Air Conditioner vs. Air Handler

If you’re looking for heating and cooling services, you may encounter confusing, sometimes contradictory information about a variety of HVAC systems. One component that creates quite a bit of confusion is the air handler. Is this the same as an air conditioner? We’re here to clear things up. 

What Is an Air Handler? 

An air handler is the indoor part of some kinds of HVAC systems. It attaches to a network of air ducts that circulate conditioned air all through the building. Air handlers differ in size, type and capacity, dependent on the application. 

Some individuals use the jargon of “air handler” and “blower” interchangeably, but this is not right. An air handler is an entire unit containing a blower and several other elements, all of which operate together to condition and circulate the air. 

Does an Air Conditioner Use an Air Handler? 

Normally, an air conditioner utilizes the furnace’s blower motor, so no air handler is necessary. However, in climates where home heating is not required, an air conditioner may be the only HVAC equipment present. In this instance, the indoor air handler works in tandem with the outdoors unit, referred to as the condenser.  

In this setup, the AC unit’s air handler forces indoor air over the evaporator coil, which absorbs heat and collects moisture, leaving the air handler to deliver cooled, dehumidified air back to the building using ductwork. Refrigerant lines connect the air handler to the outdoor condenser, assisting with the heat transfer to the outside. This makes it possible for the air conditioning to preserve a constant, cozy indoor temperature and humidity level. 

Does a Heat Pump Use an Air Handler? 

This is where air handlers are most commonly found. In cold climates where heat pumps are less reliable, they are sometimes installed alongside furnaces, creating what’s referred to as a dual-fuel system. However, advancements in cold-climate heat pumps make dual-fuel systems less prevalent in recent times. Because there is no furnace to lend its blower motor, heat pumps need a dedicated air handler to move conditioned air. 

Heat pumps work by extracting heat from the outside air and moving it inside through the indoor coil. The air handler blows air across the coil to acquire heat before circulating it inside the building. A heat pump can also be used for cooling, where it extracts heat from the indoor air and transfers it outside, just like an air conditioner. 

Does a Furnace Use an Air Handler? 

No. Furnaces come with a blower motor to move conditioned air. The blower is most likely located inside the furnace. It blows air across the heat exchanger, a metal component that exchanges heat from a fuel source to the air blowing across it. The fuel source can be natural gas, propane or oil, which is ignited to create heat. Once heated, the air circulates back through the ductwork system and into the building.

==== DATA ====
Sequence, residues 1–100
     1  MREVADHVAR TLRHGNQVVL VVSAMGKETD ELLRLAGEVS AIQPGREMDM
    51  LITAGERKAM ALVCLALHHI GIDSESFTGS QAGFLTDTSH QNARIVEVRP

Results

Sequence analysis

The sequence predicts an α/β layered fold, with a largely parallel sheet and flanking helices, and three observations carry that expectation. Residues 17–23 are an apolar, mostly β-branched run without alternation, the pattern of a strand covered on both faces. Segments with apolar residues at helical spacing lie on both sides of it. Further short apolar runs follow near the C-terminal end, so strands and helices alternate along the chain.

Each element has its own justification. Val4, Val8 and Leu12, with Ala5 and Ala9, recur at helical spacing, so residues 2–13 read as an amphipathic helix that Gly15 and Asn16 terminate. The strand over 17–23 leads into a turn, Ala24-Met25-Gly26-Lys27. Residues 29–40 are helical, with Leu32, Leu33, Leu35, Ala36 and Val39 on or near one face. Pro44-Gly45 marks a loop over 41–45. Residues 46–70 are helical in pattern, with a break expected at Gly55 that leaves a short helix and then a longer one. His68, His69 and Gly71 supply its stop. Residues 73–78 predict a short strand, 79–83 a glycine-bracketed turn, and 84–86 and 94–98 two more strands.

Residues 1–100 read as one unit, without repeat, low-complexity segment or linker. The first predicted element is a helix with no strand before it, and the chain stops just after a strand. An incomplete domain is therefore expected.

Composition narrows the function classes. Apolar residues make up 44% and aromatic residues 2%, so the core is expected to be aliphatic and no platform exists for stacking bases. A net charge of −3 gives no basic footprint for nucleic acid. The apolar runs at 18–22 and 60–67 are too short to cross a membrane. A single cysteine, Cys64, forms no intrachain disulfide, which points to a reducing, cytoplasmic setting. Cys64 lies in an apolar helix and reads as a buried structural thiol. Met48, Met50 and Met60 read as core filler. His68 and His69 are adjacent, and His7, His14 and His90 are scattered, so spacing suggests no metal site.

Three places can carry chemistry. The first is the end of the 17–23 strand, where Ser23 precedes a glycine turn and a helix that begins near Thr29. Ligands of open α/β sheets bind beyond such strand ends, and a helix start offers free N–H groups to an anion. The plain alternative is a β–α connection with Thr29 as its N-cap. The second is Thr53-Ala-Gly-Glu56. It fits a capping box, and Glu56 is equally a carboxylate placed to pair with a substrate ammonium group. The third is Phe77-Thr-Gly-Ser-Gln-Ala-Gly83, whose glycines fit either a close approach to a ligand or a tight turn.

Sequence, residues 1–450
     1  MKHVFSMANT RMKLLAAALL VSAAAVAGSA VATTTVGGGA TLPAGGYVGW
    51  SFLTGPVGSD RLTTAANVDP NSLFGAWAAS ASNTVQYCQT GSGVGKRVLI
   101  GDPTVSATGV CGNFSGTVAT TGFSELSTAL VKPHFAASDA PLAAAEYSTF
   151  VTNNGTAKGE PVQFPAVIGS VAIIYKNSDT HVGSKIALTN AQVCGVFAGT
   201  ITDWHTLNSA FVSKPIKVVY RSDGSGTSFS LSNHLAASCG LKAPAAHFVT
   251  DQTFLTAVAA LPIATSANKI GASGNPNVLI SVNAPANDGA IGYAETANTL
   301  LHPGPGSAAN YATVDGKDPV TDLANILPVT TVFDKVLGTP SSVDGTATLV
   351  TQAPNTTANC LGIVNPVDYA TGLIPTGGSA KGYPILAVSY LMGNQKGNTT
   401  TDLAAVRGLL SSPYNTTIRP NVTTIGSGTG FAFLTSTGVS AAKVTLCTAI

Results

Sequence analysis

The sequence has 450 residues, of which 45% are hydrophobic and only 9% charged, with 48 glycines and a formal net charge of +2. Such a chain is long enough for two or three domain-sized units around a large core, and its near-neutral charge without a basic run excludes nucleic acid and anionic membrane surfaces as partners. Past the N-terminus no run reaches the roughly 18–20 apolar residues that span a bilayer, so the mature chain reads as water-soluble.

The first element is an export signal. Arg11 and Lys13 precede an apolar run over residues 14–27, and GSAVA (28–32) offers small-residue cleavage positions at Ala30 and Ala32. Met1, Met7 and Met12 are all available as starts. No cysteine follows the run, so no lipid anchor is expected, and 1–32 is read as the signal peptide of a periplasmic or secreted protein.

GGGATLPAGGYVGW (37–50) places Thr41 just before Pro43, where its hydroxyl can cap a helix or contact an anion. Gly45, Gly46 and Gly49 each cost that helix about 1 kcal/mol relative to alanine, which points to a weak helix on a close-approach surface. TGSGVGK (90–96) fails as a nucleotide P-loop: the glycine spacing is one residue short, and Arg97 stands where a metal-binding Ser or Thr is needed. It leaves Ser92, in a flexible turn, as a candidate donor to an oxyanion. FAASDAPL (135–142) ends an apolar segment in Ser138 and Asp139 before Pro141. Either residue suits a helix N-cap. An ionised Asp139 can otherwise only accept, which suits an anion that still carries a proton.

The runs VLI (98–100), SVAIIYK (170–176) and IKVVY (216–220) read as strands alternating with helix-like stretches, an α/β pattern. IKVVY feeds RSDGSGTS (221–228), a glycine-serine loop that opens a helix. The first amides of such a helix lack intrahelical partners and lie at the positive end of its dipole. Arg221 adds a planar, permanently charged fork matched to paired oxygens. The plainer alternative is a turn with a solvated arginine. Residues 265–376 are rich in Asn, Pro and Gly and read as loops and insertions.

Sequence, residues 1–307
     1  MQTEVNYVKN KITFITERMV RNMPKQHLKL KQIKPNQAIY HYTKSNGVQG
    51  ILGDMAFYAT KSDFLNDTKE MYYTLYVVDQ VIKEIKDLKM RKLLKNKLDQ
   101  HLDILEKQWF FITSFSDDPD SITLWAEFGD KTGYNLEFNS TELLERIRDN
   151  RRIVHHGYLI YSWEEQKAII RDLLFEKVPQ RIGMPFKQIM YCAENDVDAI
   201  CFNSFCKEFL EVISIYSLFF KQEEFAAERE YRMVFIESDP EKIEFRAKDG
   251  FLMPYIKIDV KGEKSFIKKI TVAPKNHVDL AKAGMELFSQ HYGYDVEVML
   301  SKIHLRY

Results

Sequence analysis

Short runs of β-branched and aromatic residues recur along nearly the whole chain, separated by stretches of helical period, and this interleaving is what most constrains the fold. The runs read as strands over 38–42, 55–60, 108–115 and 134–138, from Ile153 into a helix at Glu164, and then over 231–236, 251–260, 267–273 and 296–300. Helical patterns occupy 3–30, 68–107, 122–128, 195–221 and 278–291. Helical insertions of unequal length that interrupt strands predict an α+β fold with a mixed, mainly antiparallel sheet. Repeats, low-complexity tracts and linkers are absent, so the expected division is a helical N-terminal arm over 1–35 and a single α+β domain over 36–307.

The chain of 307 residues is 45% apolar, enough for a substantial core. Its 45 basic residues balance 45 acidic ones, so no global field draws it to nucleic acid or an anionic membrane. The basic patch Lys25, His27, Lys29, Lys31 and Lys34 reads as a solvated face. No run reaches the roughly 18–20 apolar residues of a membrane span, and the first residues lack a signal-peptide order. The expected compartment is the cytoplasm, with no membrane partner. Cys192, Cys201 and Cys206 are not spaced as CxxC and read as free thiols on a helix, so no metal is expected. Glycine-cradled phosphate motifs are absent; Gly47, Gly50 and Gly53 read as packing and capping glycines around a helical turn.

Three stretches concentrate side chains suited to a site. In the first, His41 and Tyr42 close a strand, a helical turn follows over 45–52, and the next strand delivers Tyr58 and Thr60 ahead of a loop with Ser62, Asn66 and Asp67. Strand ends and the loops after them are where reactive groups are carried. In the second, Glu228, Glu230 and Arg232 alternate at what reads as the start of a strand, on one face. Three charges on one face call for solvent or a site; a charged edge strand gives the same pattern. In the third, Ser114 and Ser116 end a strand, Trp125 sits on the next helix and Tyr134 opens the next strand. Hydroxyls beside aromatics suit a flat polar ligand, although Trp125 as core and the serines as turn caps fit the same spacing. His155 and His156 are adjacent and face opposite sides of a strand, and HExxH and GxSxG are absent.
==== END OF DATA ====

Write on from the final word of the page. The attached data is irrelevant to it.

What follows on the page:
What Are the Parts of an Air Handler? 

The main pieces of an air handler include: 

  • Blower: The blower is a motor-driven fan that circulates air throughout the ductwork. It moves air across the heating or cooling elements to control the indoor temperature. 
  • Heating or cooling elements: Depending on the type of HVAC system you own, the air handler may contain heating or cooling elements, including an evaporator coil or backup electric heat strip. 
  • Air filter: An HVAC air filter removes dust, dirt and other contaminants from the air as it enters the air handler to be heated or cooled. Air filter types and efficiency ratings vary based on system requirements. Remember to replace your air filter on a regular basis to avoid restricting airflow through the system. 
  • Dampers: Dampers are used to control airflow in structures with zoned heating and cooling. They can be manually or automatically powered to direct air to certain rooms as necessary to uphold a comfortable temperature. 
  • Humidifier or dehumidifier: Some air handlers include a humidifier or dehumidifier, which controls the indoor relative humidity level. A humidifier adds moisture into the air in the winter, while a dehumidifier gets rid of moisture in the summer. 
  • Control system: The control system is responsible for regulating the air handler. It might include a thermostat, humidistat or other sensors to gauge the temperature and humidity throughout the building. 

Schedule Air Conditioner or Air Handler Repair 

If you’re experiencing issues with your air conditioner, air handler or other HVAC components, Service Experts Heating, Air Conditioning & Plumbing can assist you. Our team of Expert specialists can diagnose and repair any problems with your climate control system, ensuring it runs safely and efficiently. We believe in our exceptional work so much that we back all repairs with a one-year 100% satisfaction guarantee! For more information or to set your home up air conditioning repair in the U.S., please reach out to a Service Experts office in your area today. 

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